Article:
Human impact on the park has continued since the Revolution. Although the land did not become a park until 1925, actions to make it one began in 1903 and many owners abandoned maintaining their estates and no information on the vegetation was preserved. The creation of the Harlem Ship Canal destroyed one marsh; debris from subway excavations filled another to create baseball fields in 1938. Later, another marsh became soccer fields.
The Henry Hudson Parkway, which runs though Inwood Hill Park required the felling of many old oak and poplar trees including a 160-year-old tulip poplar in 1935. The New York City Parks Department regularly cleared the underbrush and replanted trees and shrubs beginning in 1925 and ending in the 1960s when budget cuts caused the Parks department to abandon vegetation maintenance. All this human activity changed the face of the park.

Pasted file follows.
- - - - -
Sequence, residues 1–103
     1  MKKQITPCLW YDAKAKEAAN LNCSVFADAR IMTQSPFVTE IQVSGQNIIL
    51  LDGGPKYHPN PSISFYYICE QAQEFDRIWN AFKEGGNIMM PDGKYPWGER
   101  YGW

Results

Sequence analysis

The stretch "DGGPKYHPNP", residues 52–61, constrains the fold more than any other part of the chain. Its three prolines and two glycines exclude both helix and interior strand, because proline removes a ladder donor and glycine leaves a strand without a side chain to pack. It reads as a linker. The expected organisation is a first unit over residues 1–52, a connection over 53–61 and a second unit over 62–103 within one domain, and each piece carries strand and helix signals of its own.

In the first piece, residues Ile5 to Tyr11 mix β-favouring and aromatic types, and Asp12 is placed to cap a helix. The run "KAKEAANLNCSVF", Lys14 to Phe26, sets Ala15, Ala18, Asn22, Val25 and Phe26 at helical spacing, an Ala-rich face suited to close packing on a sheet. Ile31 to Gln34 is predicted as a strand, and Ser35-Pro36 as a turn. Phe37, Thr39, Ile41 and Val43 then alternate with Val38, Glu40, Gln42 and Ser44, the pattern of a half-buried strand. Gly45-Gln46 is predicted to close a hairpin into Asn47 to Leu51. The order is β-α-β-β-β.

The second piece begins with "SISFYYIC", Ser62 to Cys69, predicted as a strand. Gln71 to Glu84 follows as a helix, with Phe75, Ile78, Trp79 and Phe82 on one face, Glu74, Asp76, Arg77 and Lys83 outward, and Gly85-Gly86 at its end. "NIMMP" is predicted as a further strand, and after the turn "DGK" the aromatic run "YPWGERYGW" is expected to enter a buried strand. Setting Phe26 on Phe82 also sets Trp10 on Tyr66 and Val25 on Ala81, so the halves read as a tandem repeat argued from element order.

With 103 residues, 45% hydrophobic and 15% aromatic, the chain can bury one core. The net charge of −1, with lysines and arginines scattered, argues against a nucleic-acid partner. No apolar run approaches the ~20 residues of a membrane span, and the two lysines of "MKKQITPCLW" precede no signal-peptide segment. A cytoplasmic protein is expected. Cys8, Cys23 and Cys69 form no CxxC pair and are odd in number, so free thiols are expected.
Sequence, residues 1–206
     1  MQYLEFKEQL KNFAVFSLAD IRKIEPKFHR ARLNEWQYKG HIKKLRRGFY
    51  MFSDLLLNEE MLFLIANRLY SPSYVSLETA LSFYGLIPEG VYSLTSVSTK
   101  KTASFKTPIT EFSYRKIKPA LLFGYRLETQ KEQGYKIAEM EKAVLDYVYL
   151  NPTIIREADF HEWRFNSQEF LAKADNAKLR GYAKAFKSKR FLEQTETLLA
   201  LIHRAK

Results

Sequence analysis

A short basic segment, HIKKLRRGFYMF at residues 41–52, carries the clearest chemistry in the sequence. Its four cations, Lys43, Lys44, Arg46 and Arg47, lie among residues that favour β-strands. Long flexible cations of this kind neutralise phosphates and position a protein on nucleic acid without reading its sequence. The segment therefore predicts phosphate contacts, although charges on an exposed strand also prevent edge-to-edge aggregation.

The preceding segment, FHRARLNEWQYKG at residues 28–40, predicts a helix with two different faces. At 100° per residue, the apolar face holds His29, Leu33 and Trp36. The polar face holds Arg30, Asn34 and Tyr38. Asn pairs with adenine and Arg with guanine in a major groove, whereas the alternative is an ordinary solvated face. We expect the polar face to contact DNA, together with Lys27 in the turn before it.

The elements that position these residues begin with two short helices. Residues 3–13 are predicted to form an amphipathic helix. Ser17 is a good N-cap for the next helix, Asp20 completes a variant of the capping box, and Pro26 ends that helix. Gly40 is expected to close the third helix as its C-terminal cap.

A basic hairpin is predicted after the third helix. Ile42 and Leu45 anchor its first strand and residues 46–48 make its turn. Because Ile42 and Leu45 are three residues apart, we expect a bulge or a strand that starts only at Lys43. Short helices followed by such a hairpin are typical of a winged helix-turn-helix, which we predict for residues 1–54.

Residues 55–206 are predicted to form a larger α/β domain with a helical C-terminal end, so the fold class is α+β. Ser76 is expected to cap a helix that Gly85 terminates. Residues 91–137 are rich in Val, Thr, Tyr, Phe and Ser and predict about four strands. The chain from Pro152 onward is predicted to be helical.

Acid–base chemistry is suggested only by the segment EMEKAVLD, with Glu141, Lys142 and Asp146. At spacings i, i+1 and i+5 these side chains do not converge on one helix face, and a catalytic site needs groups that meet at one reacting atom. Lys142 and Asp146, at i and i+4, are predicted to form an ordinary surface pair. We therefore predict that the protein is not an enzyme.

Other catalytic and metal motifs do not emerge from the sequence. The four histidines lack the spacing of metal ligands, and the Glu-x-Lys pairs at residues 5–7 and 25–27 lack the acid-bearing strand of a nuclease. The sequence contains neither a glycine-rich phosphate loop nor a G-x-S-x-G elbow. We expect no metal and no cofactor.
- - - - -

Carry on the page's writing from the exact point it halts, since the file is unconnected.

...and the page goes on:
Some native species went extinct, while non-native species thrived. Continual cutting of the under layers of the forest caused those plants to die off. Human disturbance killed established plants and soil compaction caused rainwater runoff, eroding the soils. Since the late 1980s, Parks Department workers planted thousands of native trees and shrubs, but many do not survive.
"Today's plantings for the ecological restoration of Inwood Park are similar to private estate plantings done following the American Revolution period which have been decimated by subsequent use and management of the land," says Loeb.
Grants supported plantings, erosion control and other efforts in Inwood Hill Park. These programs do not include funding for maintenance to assure the survival of plantings. Areas where insufficient watering occurs or where herbicides are used to reduce invasive plants become colonized by invasive species.
Currently, "the forest and wetland communities of Inwood Hill Park are more diverse and have a greater structur
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